A week in the life of American politics

By Dr Dana Allin,  Senior Fellow for US Foreign Policy  and Transatlantic Affairs; Editor of Survival

Mitt Romney may win the South Carolina primary tomorrow, which will make the last five days seem – to him at least – like nothing more than a bad dream. But Newt Gingrich has surged ahead in the latest polls, and whatever the results of Saturday’s contest, it is worth taking note of one of the most astonishing – and not in a good way – weeks of American politics in living memory.

Since we have to start somewhere, we might as well start with the Gingrich performance at a candidates’ debate on Monday night, where he doubled down on repeatedly calling Barack Obama ‘the food stamp president.’ The white southern audience gave him a standing ovation.

This was apparently Gingrich’s idea of speaking truth to power, a particularly audacious example in that he was replying to Juan Williams, the black moderator’s, question about whether he can understand the hurt of many black Americans at his use of such racially coded language. For Gingrich continued: ‘First of all, Juan, the fact is that more people have been put on food stamps by Barack Obama than any president in history.’ (Here he had to pause to soak in the crowd’s approval.) ‘I know among the politically correct you’re not supposed to use facts that are uncomfortable.’ The Economist blog dispatched this pose of unusual courage rather neatly:

“A thought experiment: On Twin Earth, does anyone call President John McCain the ‘food-stamp president’? Is it ‘politically incorrect’ there to call him that? Or is it just so tactically weird to pin that label on a white Republican who inherited a huge recession that the idea simply never occurred to anyone? If, back in our world, it’s not ‘politically correct’ and not tactically weird to pin that label on a black Democrat who inherited a huge recession, then why not?’

There is no reason on earth to suspect New Gingrich of personal racism, just as there is no way a sentient earthling can fail to observe his repeated use of racialist dog whistles. (Before officially launching his presidential campaign, Gingrich enthusiastically embraced a book titled The Roots of Obama’s Rage with the words: ‘What if [Obama] is so outside our comprehension, that only if you understand Kenyan, anti-colonial behavior, can you begin to piece together [his actions]?’ It took a former George W. Bush speechwriter, David Frum, to state the obvious: ‘When last was there such a brazen outburst of race-baiting in the service of partisan politics at the national level? George Wallace took more care to sound race-neutral.’)

Anyway, the ‘food-stamp president’ was Monday. Thursday night was another debate, and the subject this time was sex. ABC News was about to broadcast an interview with Gingrich’s second ex-wife in which she claimed that he proposed to deal with the problem of his affair with the woman who became his third (and current) wife through their agreement to an ‘open marriage.’ The claim is not actually new – it was contained in an Esquire article of many years ago. Asked about it as the first question of the debate, Gingrich impressively turned the question into an example of the media’s determination to ‘protect’ Barack Obama. ‘Every person in here has had someone close to them go through painful things. To take an ex-wife and make it two days before the primary, a significant question in a presidential campaign, is as close to despicable as anything I can imagine.’ The audience loved this one too, which might be stated in the somewhat less heated argument that personal failings are not matters of public policy – though making that case arguably requires forgetting that Gingrich conducted his affair while leading an impeachment battle against President Clinton for Clinton’s own affair.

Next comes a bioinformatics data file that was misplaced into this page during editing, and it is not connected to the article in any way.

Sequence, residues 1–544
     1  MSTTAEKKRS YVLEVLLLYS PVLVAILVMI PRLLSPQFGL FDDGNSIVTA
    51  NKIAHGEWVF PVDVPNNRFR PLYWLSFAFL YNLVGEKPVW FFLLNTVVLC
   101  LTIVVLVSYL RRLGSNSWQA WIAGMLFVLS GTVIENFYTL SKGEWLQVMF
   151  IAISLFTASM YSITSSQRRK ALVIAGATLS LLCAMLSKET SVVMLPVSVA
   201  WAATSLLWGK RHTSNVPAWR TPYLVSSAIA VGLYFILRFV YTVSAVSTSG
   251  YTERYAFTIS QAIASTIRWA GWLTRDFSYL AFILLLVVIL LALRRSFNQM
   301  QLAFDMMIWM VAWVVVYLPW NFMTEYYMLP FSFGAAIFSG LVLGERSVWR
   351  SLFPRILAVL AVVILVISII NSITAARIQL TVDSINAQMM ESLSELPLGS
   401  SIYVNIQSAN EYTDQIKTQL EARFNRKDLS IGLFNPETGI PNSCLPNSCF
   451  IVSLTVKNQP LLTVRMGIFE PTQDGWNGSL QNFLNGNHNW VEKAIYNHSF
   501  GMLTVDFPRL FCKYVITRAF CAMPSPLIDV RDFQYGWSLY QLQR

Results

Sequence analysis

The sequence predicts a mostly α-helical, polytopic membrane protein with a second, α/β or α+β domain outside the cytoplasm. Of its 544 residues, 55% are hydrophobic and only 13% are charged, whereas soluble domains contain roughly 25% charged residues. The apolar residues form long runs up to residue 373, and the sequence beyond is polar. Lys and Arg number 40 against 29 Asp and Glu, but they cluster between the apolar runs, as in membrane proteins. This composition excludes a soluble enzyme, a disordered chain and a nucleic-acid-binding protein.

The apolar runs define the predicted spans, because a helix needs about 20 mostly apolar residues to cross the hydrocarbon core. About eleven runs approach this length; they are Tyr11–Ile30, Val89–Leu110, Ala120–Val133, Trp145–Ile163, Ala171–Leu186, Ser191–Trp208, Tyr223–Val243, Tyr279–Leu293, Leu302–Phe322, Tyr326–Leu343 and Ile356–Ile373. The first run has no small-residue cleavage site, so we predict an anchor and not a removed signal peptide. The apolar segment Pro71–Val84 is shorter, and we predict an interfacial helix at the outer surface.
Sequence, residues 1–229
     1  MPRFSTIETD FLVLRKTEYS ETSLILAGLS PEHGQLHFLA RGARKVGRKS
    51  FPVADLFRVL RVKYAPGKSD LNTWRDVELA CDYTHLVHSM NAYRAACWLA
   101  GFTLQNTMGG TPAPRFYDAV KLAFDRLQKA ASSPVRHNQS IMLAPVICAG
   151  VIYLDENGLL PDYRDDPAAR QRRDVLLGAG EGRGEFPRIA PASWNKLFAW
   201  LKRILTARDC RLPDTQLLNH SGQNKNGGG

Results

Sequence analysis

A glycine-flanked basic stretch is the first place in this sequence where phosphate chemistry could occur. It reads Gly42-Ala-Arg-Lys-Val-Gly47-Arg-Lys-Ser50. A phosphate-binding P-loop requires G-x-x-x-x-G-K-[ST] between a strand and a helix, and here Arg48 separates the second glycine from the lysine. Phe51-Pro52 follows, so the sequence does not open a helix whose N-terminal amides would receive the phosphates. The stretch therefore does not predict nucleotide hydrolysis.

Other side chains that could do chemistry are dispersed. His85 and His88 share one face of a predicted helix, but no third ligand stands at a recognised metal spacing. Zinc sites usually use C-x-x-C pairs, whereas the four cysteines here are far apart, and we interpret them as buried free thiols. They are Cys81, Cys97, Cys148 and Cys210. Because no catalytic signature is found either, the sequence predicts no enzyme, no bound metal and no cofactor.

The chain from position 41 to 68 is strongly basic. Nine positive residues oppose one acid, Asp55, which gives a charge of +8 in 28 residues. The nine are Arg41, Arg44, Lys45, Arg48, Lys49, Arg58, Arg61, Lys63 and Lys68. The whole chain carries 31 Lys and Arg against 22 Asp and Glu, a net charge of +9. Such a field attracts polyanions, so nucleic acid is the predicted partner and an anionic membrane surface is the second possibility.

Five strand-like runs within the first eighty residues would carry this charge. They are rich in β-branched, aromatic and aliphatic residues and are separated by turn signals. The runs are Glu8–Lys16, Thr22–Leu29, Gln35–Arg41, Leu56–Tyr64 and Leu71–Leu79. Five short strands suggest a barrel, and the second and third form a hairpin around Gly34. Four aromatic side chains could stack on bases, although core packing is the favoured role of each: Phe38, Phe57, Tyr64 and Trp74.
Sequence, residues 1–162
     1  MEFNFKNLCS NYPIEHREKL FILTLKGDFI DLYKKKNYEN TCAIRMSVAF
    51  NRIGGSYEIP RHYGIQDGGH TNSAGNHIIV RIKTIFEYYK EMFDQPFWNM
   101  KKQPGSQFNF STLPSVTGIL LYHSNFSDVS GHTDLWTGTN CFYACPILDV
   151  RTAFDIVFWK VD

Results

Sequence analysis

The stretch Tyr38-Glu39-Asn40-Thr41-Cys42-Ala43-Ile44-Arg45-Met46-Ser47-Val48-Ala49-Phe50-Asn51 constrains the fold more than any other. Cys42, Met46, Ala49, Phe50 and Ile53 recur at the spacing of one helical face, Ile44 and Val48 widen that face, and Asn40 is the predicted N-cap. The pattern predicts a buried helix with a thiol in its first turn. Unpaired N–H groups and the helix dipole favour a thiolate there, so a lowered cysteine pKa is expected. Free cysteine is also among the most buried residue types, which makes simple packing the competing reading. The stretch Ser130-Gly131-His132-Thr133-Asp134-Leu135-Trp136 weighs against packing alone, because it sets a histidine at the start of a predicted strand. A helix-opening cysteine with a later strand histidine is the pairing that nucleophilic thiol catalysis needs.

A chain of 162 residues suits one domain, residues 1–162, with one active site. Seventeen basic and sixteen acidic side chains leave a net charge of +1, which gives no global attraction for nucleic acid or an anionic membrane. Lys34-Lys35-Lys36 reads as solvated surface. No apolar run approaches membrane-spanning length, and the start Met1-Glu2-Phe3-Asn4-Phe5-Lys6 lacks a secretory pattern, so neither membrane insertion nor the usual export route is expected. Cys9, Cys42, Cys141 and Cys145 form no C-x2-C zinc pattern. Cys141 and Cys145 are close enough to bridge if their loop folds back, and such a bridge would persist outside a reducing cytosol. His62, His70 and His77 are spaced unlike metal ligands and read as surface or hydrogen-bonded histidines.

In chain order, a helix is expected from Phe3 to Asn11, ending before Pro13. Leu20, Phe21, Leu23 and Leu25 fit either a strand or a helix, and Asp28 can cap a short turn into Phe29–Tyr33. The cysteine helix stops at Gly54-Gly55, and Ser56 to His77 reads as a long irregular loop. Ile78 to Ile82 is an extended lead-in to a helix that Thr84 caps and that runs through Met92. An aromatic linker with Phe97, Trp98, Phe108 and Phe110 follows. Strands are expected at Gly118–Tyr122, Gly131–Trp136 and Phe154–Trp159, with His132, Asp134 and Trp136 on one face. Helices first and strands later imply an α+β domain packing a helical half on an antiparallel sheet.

In between the two bravura performances by Gingrich, it was announced that a miscount of ballots in the effectively tied Iowa Caucuses meant that Rick Santorum, rather than Romney, could now claim on the basis of a literal handful of votes to be the nominal winner of that contest. So whereas just days before Romney looked poised to clinch an unprecedented triple victory of Iowa, New Hampshire and South Carolina, it now looks like the contests could be divided three ways between Santorum, Romney and Gingrich. Also on Thursday, Texas Governor Rick Perry said he was withdrawing from the race and endorsing Gingrich – conceivably a step towards uniting the heretofore divided conservative, stop-Romney vote. All the while, the self-styled conservatives in the race have continued to hammer him from the left – one might even say, the far left – for the allegedly predatory capitalism of Bain Capital, the venture capital firm where Romney made his fortune. And that fortune has been the subject of unpleasant scrutiny as Romney hems and haws, as he did again in the Thursday debate, about whether he will make public his tax returns (which, due to favorable treatment of investment income, are presumed to show a much lower effective rate of taxation than is paid by most middle class Americans).

It has been, in sum, Mitt Romney’s not-very-good week. And none of it may matter, even if Gingrich does pull off a win tomorrow. In truth, it is still hard to see Romney – a more plausible president with a much better campaign organisation and much more money – losing this nomination. In many ways he remains lucky – although the Republican base is clearly not into him and doesn’t trust him, plausible alternatives have not really emerged to challenge him. Luckier still is Barack Obama – until, that is, the faintly growing US economy is pulled by the black hole of Europe’s debt crisis back into the vortex of unemployment misery.


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